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    New study urges clinicians to consider needle fears

    Fear of needles may play a larger role than clinicians think in vaccine compliance, both in the childhood years and beyond.

    Although the blame for deciding against vaccination may fall on parents who question the safety of vaccines, new research suggests there might be another reason for skipping shots—fear.

    Children often are afraid of shots, which are not only necessary but also frequent in a child’s early years. This fear, and frequency, can lead to long-term fears of shots, according to the new report.

    The study, led by Amy Baxter, MD, a clinical associate professor at Medical College of Georgia, found that children who received multiple injections at a time between the ages of 4 and 6 were more likely to be afraid of injections even as teenagers.1 Published in Vaccine, Baxter’s report suggests that a fear of shots develops around age 5 years and can have a negative impact on vaccine compliance.

    The research was supported by the National Institutes of health and data was collected at a private practive in Atlanta, and other studies have echoed the results. A 2012 study in Vaccine revealed that two-thirds of children and a quarter of parents in a poll of nearly 2000 were afraid of needles.2 This resulted in noncompliance with vaccine in 8% of the children polled and in 7% of parents, according to investigators.

    Related: Vaccine refusal impacts other routine care

    Baxter’s study assessed injection fears on a scale of 1 to 100, with 100 being the highest level of fear. She discovered that between ages 4 and 6, fear of injections correlated to the number of injections given at a singular visit, and that fear increased as the number of injections increased. Children were not assessed for fear in the school years, however, but later at age 10 to 12. The total number of shots wasn’t really the issue, she notes, but the number of injections given at a single visit. Specifically, by age 10 to 12, children associated multiple shots in their at 1 visit with increased fear, but only for injections given in the preschool years. In her study, Baxter notes that needle fears seemed to increase when 3 or more shots were given at a single visit in those early school years. 

    Needle phobia is long lasting

    “Our study shows that vaccination practice at the preschool visits has consequences that last at least 8 years in a dose response manner—1 injection multiple times, no fear; 2 injections several times, 9% fearful; 3 injections on 1 day, 26% were fearful; and 4 or 5 injections on a single day, 50% of those kids were in the highest fear quartile as preteens,” Baxter says. “There are probably many ways to solve this problem—pain relief, microneedles, combination vaccines—but we need to acknowledge that inducing persistent needle fear is our problem, not the children's weakness.”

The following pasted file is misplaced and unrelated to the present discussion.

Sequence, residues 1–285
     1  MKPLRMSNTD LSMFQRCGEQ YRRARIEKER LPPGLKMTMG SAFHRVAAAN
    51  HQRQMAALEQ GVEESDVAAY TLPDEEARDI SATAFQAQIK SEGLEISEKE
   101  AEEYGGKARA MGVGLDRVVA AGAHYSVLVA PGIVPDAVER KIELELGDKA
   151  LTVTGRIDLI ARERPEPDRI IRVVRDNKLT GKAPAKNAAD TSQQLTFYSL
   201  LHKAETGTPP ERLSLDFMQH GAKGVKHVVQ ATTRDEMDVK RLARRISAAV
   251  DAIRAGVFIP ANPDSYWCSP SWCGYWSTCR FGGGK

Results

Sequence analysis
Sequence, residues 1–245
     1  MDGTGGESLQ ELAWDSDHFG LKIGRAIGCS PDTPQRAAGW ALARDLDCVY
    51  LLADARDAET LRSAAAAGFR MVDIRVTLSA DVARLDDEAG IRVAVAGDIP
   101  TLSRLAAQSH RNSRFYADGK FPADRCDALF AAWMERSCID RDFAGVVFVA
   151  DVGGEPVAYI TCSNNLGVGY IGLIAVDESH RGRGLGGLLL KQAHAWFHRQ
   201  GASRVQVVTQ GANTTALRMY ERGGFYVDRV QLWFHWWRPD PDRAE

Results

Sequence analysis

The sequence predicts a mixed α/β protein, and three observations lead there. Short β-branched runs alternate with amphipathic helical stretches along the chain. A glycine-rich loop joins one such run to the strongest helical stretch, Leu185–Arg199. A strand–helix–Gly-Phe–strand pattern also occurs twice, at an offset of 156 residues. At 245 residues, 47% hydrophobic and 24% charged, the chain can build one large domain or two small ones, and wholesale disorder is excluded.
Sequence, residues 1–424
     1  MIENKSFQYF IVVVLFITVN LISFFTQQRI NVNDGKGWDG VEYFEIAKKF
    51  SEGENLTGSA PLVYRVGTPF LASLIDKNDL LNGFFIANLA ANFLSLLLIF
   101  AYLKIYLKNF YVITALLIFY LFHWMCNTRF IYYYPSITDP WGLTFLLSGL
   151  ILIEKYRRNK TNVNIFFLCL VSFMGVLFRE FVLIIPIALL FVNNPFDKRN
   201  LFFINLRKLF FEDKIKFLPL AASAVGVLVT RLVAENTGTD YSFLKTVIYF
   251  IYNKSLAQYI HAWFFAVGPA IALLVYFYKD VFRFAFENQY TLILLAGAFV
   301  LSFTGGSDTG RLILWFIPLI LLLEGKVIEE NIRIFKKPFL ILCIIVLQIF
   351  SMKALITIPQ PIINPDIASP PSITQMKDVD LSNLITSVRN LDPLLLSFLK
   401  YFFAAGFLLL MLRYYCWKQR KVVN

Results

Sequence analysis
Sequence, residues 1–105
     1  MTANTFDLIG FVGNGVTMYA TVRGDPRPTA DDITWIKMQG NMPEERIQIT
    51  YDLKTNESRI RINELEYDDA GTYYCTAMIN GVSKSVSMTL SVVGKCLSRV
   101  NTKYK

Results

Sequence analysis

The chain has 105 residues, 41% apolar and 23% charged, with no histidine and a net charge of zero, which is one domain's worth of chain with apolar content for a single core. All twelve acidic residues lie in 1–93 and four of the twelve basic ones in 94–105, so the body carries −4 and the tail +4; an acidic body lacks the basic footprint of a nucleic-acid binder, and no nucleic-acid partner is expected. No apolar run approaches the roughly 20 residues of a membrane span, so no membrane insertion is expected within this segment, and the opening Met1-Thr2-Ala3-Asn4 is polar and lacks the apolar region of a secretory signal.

Baxter says this indicates that the ages of 4 to 6 years are a crucial time to address injection fears in order to prevent a lasting fear of needles.

    “Preschoolers are at a vulnerable period for developing phobias. Four-year-olds are developmentally more prone to fear, are very sensitive to their parents' anxiety, and are concrete thinkers for whom good and bad are binary. Doctor good, pain bad,” Baxter says. “They remember traumatic events, and tell themselves stories to make sense of the world. If a good place where they're supposed to be safe turns painful, they have to be held down, and their parent is upset, it makes sense that from their perspective it is a traumatic childhood event. To avoid causing a phobia, reduce the trauma.”

    Baxter suggests not holding children down for shots, and letting them sit in a parent’s lap. Hers and other studies show that multiple injections at once may cause more fear. Clinicians can use distractions, pain relief, or fewer injections to lessen the child’s trauma.

    “The longer children have to solidify a traumatic experience, the better they remember it,” she adds. “Get them out of the room quickly, have a treat, change the situation. Do quick distraction training with parents in the waiting room; they'll convey less anxiety if they have a job during injections.”

    NEXT: Injection fears vs vaccine compliance

    Rachael Zimlich, RN
    Rachael Zimlich is a freelance writer in Cleveland, Ohio. She writes regularly for Contemporary Pediatrics, Managed Healthcare ...


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